By: Michael Neilson
Jobs may be on the line at Te Wānanga o Aotearoa after a damning review released by the New Zealand Qualifications Authority coupled with a forecast deficit.
The Māori education provider has been downgraded from category 1 to category 3 in its external evaluation and review, giving it a “not yet confident” judgment in its educational performance and organisational capability in self-assessment.
The downgrade came as TWoA was projecting its first deficit in more than a decade, providing a catalyst for what chief executive Te Ururoa Flavell said would be “major changes across the organisation”.
The latest review said areas that needed improving in its last review in 2013 had not been addressed, and there were “long-term quality assurance failures”.
Educational practice and management has been inconsistent across some sites, and there were long-term weaknesses in the accuracy of assessor judgements.
These undermined the overall validity of educational outcome data and led NZQA
to impose a series of statutory conditions over the past four years. Several programmes had been discontinued, and accreditation withdrawn.
TWoA had 1200 full-time teachers and 413 part-time teachers, as well as more than 30,804 students.
The NZQA acknowledged the problems could be limited to a small proportion of wānanga, but said the number of students potentially affected was significant.
In February this year the NZQA also became concerned of some TWoA subcontracting arrangements for delivery of home-based programmes that did not have formal approval.
TWoA retrospectively applied for and gained approval, but concerns remained regarding the effectiveness of TWoA’s oversight and administration of assessment conducted by its third parties.
The review recommended improvements in collation and analysis of graduate outcomes, assessment and moderation strategies to provide assurances judgements were valid and robust, evaluating how Te Kaupapa Matua were expressed in programme delivery, internal quality checks, and processes for managing sub-contractors.
The review also noted several positive indicators, including how many students (Māori and non-Māori) interviewed described how their learning had been “transformational and mana-enhancing”.
For many learners it was a positive “second-chance” educational opportunity, the review said.
Learner success rates were good across most levels, and Tertiary Education Commission (TEC) data indicated qualification completions remained at or above 73 per cent from 2014–2016, which was similar to sector trends.
TWoA’s annual graduate surveys also showed graduates had increased their understanding of mātauranga Māori and were using their knowledge and skills in their communities.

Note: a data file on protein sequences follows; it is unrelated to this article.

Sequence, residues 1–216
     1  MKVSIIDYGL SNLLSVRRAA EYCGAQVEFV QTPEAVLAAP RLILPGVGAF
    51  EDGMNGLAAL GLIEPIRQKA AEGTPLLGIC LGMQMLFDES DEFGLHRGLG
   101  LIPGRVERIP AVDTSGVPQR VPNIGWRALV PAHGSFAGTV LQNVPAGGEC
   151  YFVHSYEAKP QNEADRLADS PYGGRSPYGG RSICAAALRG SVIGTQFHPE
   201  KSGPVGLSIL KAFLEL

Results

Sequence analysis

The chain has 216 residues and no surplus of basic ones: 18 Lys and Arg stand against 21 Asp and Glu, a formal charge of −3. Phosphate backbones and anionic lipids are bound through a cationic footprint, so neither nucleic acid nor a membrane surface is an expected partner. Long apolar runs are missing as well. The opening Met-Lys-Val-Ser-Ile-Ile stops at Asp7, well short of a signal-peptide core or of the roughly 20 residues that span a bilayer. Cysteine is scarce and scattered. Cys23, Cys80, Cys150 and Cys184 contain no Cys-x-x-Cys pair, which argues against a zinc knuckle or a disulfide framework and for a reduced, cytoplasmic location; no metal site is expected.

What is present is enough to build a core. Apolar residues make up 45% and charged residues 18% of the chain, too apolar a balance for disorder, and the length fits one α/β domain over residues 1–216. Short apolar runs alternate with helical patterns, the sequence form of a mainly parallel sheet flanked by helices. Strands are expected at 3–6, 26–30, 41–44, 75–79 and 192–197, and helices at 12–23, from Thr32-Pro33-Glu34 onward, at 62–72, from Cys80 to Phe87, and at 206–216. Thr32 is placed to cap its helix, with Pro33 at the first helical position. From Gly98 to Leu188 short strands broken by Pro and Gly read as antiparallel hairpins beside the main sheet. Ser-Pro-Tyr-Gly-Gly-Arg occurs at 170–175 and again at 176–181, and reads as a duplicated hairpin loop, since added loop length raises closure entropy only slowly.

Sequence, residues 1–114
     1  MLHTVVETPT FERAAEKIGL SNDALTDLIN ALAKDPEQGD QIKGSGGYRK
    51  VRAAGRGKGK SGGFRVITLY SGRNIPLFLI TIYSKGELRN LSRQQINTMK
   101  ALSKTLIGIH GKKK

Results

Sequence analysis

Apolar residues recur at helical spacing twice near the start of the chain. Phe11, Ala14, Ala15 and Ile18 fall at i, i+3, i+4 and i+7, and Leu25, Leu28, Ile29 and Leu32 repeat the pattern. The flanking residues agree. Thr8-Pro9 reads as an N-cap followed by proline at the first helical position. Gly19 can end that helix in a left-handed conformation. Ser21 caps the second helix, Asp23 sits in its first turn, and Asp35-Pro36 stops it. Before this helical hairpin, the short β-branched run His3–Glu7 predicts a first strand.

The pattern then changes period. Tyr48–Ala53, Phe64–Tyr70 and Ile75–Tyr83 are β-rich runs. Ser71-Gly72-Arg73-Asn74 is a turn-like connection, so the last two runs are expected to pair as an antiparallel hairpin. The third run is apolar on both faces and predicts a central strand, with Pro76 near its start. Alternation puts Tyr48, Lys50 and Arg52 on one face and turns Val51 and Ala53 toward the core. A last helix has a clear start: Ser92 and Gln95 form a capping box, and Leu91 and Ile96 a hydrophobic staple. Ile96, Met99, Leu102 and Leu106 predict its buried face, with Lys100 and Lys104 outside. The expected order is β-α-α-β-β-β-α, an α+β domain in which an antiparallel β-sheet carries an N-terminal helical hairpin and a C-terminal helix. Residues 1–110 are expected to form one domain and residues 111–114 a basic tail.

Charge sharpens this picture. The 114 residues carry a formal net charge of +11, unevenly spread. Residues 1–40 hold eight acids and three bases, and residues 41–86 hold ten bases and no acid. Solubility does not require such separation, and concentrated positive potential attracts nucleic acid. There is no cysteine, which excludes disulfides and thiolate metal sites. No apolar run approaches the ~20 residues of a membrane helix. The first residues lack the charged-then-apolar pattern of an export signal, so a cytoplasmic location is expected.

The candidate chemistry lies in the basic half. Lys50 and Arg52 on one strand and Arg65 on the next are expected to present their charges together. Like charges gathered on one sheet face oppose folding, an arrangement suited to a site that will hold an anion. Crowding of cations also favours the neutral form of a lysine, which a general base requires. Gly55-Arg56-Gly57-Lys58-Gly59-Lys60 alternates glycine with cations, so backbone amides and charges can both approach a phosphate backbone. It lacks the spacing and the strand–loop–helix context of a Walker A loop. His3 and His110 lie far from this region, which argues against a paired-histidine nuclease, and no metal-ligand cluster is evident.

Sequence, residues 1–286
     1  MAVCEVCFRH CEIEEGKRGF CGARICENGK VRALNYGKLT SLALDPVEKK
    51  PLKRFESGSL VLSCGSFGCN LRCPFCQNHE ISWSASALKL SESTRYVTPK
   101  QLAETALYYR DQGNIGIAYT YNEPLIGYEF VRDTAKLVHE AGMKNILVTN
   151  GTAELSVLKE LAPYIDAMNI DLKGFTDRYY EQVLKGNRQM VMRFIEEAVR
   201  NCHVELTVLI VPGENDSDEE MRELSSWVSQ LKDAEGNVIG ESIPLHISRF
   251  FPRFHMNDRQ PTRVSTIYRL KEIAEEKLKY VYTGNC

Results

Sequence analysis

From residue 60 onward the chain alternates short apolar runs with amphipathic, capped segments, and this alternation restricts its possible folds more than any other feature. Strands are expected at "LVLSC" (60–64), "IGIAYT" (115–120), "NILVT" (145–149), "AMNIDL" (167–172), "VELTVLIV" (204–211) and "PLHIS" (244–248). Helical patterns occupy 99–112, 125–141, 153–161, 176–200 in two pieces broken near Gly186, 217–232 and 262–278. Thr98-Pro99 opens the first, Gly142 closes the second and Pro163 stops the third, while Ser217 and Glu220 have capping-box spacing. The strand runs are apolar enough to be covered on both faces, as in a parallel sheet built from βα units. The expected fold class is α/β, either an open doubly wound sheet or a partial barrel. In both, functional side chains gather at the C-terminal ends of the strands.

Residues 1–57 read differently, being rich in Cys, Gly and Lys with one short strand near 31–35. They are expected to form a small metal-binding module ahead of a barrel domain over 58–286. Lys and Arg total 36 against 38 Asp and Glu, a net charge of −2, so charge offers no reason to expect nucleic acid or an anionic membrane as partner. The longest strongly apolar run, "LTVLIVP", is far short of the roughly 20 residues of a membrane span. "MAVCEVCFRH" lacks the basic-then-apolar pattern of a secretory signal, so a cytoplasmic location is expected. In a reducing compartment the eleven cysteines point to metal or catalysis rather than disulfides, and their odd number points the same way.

TWoA chief executive Te Ururoa Flavell said the downgrade was “disappointing”.
Assessment practices needed improvement in some programmes across the organisation, but there were lessons to be learned across the board.
“We acknowledge that and are absolutely committed to addressing these matters.”
Reprioritising quality assurance and improving staff training and development to improve educational delivery were key priorities of the review, Flavell said.
TWoA would be rebuilding the organisation to be more “connected and responsive to educational needs of takiwā (regions), whānau, communities and industry”.
There were clear pathways to turn around the forecast deficit – the first in over a decade – and set down a financially sustainable pathway, he said.
“Unfortunately, deficits have become the reality for the vast majority in the ITP (institutes of technology and polytechnics) sector, with most struggling to achieve surpluses due to declining enrolments and government funding caps. We are no different.”
In August the Government announced a $65 million bailout for struggling Unitec and Whitireia polytechnics, and a likely takeover of Whitireia and the Wellington Institute of Technology (Weltec) by a state-appointed commissioner.
A proposed restructure at the head office operations was designed to improve education and financial sustainability, Flavell said.
“There is every possibility that there may be job losses, but to continue to be a sustainable national educational provider, we must make efficiencies.
“Te Wānanga o Aotearoa has a crucial role to play for Māoridom and the country.
“Our ongoing viability is reliant on robust processes, high-quality programmes and financial sustainability for the future. That is our focus.”
Source: NZ Herald